Jennifer Lawrence, left, and Elizabeth Shue are shown in a scene from "House at the End of the Street."
"House at the End of the Street" borrows heavily from one of the all-time classics—revealing which classic film would be a big spoiler—and does so in a way that is both good and bad.
The good: It's disguised well enough that you might not see it coming.
The bad: I'm not sure if it makes sense. It feels like the filmmakers were so enamored of their twist on the well-known story that, along the way, they got a little lost in the details of the plot.
The setup is typical of a horror movie. Sarah Cassidy (Elizabeth Shue) and her 17-year-old daughter, Elissa (Jennifer Lawrence), move from Chicago to a small, rural town. Elissa appears to have been closer to her father, and we never learn why she lives with her mother now.
Four years earlier, in the house next door to the Cassidys' new home, a young girl named Carrie-Ann murdered her parents and ran off into the woods, where, presumably, she died, though her body was never found. Now, her brother, Ryan (Max Thieriot), the only remaining member of the family, lives in the house alone, shunned by a community that believes his family history and continued presence are driving property values down.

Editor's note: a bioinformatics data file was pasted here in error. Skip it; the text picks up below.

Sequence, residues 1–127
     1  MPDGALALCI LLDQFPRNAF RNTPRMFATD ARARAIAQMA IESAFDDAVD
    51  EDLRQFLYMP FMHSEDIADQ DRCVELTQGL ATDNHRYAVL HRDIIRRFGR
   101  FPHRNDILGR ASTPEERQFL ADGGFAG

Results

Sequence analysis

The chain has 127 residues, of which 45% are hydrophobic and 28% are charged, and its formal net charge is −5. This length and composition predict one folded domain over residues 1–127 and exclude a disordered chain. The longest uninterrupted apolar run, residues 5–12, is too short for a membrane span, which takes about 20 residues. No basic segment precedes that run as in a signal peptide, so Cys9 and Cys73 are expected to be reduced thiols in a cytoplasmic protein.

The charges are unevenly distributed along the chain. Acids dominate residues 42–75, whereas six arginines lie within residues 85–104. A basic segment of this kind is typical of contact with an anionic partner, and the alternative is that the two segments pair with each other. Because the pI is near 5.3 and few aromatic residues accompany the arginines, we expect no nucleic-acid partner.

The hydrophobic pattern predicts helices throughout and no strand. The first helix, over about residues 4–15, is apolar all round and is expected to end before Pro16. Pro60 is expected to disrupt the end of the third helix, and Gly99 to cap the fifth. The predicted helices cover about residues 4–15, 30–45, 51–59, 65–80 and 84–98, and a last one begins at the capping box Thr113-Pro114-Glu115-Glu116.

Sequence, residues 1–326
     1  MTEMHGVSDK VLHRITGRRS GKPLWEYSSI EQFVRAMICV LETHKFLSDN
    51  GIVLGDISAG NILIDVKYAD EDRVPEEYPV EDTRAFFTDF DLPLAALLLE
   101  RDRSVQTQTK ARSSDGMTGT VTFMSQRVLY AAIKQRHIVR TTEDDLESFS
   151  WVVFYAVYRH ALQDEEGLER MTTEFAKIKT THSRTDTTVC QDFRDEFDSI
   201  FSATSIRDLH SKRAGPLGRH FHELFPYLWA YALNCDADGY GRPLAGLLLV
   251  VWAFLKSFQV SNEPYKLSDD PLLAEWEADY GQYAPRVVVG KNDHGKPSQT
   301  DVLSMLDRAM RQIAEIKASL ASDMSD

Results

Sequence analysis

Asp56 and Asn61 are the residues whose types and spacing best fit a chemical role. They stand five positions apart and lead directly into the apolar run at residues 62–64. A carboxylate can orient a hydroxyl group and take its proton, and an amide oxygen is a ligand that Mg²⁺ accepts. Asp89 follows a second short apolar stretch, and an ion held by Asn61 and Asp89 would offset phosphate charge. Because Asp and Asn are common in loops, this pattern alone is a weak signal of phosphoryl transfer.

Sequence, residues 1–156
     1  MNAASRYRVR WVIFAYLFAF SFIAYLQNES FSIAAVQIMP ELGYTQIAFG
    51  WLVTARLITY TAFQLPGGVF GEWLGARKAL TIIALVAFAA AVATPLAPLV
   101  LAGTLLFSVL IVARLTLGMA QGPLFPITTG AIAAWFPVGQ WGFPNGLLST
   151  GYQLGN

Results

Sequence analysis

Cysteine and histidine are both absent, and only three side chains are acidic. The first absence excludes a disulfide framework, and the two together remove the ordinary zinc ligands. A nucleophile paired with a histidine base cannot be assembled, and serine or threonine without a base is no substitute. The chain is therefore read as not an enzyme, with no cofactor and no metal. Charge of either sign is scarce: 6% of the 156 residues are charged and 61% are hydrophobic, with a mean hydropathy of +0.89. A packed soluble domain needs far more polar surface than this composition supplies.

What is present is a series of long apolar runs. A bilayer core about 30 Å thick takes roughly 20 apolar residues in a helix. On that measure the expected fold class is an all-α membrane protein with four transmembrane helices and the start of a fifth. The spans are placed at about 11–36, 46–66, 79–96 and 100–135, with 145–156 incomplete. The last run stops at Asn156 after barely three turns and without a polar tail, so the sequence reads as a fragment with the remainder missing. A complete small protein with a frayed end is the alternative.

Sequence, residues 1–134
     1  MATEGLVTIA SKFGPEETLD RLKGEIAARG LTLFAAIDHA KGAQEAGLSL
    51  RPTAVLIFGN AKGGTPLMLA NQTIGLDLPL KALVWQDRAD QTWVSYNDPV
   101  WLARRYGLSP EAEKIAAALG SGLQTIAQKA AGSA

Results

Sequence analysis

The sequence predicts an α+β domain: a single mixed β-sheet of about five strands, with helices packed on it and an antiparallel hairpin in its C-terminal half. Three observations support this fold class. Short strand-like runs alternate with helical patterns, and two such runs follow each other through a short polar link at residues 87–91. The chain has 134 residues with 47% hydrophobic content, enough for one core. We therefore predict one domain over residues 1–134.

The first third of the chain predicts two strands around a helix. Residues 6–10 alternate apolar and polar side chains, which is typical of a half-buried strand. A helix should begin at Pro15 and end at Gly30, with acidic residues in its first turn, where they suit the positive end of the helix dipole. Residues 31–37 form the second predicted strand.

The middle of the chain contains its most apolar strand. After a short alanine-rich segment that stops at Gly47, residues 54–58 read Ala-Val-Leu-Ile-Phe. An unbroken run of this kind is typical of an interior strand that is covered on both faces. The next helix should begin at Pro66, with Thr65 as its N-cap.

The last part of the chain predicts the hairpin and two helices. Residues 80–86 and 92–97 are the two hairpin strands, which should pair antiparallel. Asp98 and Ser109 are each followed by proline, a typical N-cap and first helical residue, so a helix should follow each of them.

Against her mother's wishes, Elissa befriends Ryan, a nice, albeit traumatized young man who is deeply misunderstood by the other neighbors. Of course, that is not all there is to it, and I'll stop before entering spoiler territory.
This is, for the most part, a well-made, well-acted film, directed by Mark Tonderai and written by David Loucka ("Dream House," 2011; "The Dream Team," 1989) from a story by Jonathan Mostow (director of such films as "Breakdown," 1997; and "Terminator 3: Rise of the Machines," 2003).
An air of dread and mystery runs throughout the action, though, typical of modern horror movies, jump-scares (which are startling, not scary—there is a difference) sprinkled throughout deflate the suspense before it builds much.
And then, of course, there is the ending. Maybe it does make some kind of sense if you add it all up. It's also somehow clever and derivative at the same time and, ultimately, unsatisfying.
Greg’s Grade: C+
(Rated PG-13 for intense sequences of violence and terror, thematic elements, language, some teen partying and brief drug material. 101 minutes.)